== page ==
01 Nov Ask The Expert – Difference between leasehold and freehold when buying/ owning property?
Freehold can be pretty simple in most cases – it’s complete ownership of a property, usually a house, as well as the land it sits on and all associated gardens, driveway, etc, within the boundaries.
Leasehold is more complicated – it is the ownership of a property, usually a flat or apartment, but NOT the land on which it is built including any gardens or communal areas – these will be owned by the freeholder, either an individual or a firm such as a developer. However, it is possible for the leaseholders in a building to jointly own/buy the freehold, known as a collective enfranchisement, which is complex and requires the services of a specialist solicitor.
A freeholder has total control over their land and property, subject of course to any required planning permissions or deeded covenants and is responsible for the maintenance and upkeep of everything inside its perimeter. There is no-one else involved in any decisions and there are no time limits on ownership – it is owned in its entirety until the freeholder sells it, at which point the buyer becomes the freeholder.
Leaseholders may be bound by limitations on what they can do with their property in terms of major refurbishment or extending and will be required to pay ground rent and service charges to cover such things as gardening, window cleaning and servicing communal areas. But on the upside, the leaseholder doesn’t have to take care of any of that!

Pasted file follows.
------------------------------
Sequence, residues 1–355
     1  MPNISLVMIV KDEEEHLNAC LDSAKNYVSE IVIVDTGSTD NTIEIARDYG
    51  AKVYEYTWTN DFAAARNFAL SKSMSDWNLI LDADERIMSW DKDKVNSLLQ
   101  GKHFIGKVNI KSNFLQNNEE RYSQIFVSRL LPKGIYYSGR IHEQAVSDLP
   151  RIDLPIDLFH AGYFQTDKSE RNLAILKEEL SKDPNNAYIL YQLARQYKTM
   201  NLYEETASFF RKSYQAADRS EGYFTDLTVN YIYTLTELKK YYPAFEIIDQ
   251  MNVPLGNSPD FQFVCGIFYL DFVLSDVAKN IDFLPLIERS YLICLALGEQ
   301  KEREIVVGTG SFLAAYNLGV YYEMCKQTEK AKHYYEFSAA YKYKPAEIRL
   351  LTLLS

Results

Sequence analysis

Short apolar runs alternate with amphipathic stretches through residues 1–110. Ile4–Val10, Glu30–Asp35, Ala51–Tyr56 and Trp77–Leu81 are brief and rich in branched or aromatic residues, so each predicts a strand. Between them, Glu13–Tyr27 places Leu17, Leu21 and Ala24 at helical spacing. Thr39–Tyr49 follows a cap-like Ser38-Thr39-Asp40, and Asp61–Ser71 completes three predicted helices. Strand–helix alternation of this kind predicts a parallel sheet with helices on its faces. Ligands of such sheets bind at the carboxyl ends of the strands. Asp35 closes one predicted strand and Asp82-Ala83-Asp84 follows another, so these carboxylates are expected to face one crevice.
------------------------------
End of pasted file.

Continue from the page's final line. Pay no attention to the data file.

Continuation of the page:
Unlike the unlimited time frame for a freeholder, leases run for a set period, so depending on the age and the original length of the lease, there may be a few years, decades or even centuries left on it. This is a vital thing to check when purchasing a leasehold property because when the lease expires, ownership of the property technically passes to the freeholder. It is widely advised that leasehold homes with less than 80 years left on the lease should be avoided because they then decrease in value and are more difficult to mortgage. However, it is possible, although currently expensive and complicated, to extend the length of a lease.
In 2020/21, it is estimated that there were almost 5 million leasehold dwellings in England alone, which equates to around 20% of all English housing stock. 15% of the leasehold properties at the time were in the Southwest. Leasehold has received some negative press of late with reports of extortionate ground rents and expensive service charges, but the Government is currently performing an overhaul of the leasehold system to make it both easier and cheaper to own and keep a leasehold property. Indeed, in June 2022, a new law banning ground rent on all new leases was imposed, and it is hoped that some changes in ground rent laws for current leasehold homeowners might come into effect sometime this year. As part of the overhaul process, the Government is also looking at reforms in lease extension and collective freeholds.
Having said all of that, do not let me put you off buying a leasehold property – not all leases are bad. A good conveyancer/solicitor will check through the terms of a lease to make sure it is all tickety-boo, and if the Government’s proposals all come to fruition, then buying and owning leasehold will become a less costly, easier and more attractive proposition.